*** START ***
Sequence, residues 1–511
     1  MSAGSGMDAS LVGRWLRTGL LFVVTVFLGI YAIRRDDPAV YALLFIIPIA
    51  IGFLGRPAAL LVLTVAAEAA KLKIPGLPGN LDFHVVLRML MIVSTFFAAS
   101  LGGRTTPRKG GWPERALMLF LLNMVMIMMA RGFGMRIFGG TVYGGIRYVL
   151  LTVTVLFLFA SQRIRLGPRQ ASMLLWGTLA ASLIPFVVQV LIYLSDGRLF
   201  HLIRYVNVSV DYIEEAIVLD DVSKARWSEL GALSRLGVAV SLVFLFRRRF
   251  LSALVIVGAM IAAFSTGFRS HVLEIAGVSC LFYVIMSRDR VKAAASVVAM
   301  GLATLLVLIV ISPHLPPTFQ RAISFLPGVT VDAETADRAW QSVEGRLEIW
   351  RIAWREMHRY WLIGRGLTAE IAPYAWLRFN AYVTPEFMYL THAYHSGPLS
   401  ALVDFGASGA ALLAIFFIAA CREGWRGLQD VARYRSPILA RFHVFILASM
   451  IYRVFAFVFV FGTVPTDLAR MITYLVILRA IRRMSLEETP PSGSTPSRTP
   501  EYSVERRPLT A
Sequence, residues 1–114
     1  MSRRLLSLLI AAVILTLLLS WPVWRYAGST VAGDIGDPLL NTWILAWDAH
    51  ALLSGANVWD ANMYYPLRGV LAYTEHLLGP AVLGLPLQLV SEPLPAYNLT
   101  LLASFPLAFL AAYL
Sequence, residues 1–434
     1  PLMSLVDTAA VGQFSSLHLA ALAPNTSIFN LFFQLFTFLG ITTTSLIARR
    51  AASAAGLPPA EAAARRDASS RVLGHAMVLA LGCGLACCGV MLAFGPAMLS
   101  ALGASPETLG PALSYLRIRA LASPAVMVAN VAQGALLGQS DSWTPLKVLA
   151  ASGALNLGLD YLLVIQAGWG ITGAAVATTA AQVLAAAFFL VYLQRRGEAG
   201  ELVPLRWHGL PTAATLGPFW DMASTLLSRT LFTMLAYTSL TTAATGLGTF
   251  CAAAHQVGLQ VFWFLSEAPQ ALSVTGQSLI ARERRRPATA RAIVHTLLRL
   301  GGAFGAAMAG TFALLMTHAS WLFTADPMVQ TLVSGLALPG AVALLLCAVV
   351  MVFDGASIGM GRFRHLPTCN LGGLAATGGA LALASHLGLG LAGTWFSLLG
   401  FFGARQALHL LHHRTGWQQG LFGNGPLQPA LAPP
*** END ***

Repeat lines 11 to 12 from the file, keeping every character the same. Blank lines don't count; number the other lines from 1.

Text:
   451  IYRVFAFVFV FGTVPTDLAR MITYLVILRA IRRMSLEETP PSGSTPSRTP
   501  EYSVERRPLT A